LHCSR1 induces a fast and reversible pH-dependent fluorescence quenching in LHCII in Chlamydomonas reinhardtii cells

Emine Dinca*, Lijin Tiana*, Laura M. Roya, Robyn Rothb, Ursula Goodenoughc, Roberta Crocea
aBiophysics of Photosynthesis, Department of Physics and Astronomy, Faculty of Sciences, VU University Amsterdam and LaserLab Amsterdam. De Boelelaan, 1081, 1081 HV, Amsterdam, The Netherlands; bDepartment of Cell Biology and Physiology, Washington University School of Medicine, St. Louis, Missouri, USA; cDepartment of Biology, Washington University, St. Louis, Missouri, USA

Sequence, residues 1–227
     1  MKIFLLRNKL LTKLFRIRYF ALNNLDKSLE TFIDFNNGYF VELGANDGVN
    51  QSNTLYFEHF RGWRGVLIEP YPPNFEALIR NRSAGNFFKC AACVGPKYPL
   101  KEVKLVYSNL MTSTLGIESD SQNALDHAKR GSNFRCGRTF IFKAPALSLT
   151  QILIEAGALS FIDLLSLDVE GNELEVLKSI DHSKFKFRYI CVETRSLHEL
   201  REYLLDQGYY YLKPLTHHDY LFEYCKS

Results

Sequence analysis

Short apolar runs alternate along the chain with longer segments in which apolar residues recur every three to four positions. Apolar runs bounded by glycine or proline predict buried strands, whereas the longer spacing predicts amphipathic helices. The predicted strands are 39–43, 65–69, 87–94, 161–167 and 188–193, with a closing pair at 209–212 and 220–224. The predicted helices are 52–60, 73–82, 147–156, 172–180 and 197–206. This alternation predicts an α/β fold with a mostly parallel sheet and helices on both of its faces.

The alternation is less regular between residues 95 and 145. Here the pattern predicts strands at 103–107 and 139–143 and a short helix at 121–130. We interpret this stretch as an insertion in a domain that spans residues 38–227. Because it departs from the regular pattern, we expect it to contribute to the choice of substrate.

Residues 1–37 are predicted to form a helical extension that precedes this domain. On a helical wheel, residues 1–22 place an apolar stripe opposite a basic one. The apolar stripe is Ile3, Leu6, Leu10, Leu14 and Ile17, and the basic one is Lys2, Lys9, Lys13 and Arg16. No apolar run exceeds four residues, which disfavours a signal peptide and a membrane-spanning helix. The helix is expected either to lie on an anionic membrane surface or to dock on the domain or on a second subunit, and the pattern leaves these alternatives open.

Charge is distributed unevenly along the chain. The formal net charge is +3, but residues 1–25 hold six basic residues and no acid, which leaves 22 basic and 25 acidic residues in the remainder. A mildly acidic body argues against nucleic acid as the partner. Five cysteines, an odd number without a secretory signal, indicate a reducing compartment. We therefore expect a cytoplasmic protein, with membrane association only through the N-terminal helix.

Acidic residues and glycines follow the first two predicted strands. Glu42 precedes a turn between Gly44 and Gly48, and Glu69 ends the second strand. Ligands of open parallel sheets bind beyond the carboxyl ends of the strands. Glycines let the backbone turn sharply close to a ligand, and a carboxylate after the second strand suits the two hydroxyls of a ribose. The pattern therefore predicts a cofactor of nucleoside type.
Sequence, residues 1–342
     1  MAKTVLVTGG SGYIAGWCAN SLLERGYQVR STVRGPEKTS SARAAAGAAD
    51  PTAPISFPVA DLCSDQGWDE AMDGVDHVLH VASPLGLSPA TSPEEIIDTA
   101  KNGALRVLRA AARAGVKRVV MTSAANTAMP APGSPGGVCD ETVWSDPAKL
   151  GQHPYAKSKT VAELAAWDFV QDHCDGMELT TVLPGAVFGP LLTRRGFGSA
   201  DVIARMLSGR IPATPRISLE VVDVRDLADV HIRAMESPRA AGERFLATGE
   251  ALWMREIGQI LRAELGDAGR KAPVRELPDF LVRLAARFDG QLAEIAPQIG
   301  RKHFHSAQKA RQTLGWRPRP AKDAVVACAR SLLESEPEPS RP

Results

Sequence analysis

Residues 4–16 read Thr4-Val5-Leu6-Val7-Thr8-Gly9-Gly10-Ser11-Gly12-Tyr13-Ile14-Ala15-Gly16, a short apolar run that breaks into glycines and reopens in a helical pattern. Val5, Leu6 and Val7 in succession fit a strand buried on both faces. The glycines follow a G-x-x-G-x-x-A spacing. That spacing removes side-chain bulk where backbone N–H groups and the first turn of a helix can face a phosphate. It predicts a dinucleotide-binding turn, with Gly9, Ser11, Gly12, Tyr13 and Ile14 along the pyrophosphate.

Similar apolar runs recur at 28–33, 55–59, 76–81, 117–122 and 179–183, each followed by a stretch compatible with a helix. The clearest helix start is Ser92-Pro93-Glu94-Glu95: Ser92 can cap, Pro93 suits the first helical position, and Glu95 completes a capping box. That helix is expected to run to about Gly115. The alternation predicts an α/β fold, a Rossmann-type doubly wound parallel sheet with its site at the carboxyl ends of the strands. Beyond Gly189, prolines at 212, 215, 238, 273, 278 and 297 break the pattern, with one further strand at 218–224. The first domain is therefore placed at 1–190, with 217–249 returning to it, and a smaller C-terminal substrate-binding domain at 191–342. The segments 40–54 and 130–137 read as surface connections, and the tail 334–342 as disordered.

To avoid photodamage, photosynthetic organisms are able to thermally dissipate the energy absorbed in excess in a process known as non-photochemical quenching (NPQ). Although NPQ has been studied extensively, the major players and the mechanism of quenching remain debated. This is due to the difficulty in extracting molecular information from in vivo experiments and the absence of a validation system for in vitro experiments. Here, we have created a minimal cell of the green alga Chlamydomonas reinhardtii able to undergo NPQ. We show that LHCII, the main-light harvesting complex of algae, cannot switch to a quenched conformation in response to pH changes by itself. Instead, a small amount of the protein LHCSR1 is able to induce a large, fast and reversible pH-dependent quenching in an LHCII-containing membrane. These results strongly suggest that LHCSR1 acts as pH sensor and it modulates the excited state lifetimes of a large array of LHCII, also explaining the NPQ observed in the LHCSR3-less mutant. The possible quenching mechanisms are discussed.